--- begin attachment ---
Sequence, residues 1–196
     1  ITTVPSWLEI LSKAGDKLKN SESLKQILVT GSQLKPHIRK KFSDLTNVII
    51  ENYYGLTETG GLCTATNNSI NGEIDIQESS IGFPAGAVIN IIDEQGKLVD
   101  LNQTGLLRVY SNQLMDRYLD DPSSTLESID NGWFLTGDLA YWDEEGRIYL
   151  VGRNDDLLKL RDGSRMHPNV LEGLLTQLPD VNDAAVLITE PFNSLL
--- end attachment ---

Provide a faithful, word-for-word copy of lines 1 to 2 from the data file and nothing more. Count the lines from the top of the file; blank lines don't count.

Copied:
Sequence, residues 1–196
     1  ITTVPSWLEI LSKAGDKLKN SESLKQILVT GSQLKPHIRK KFSDLTNVII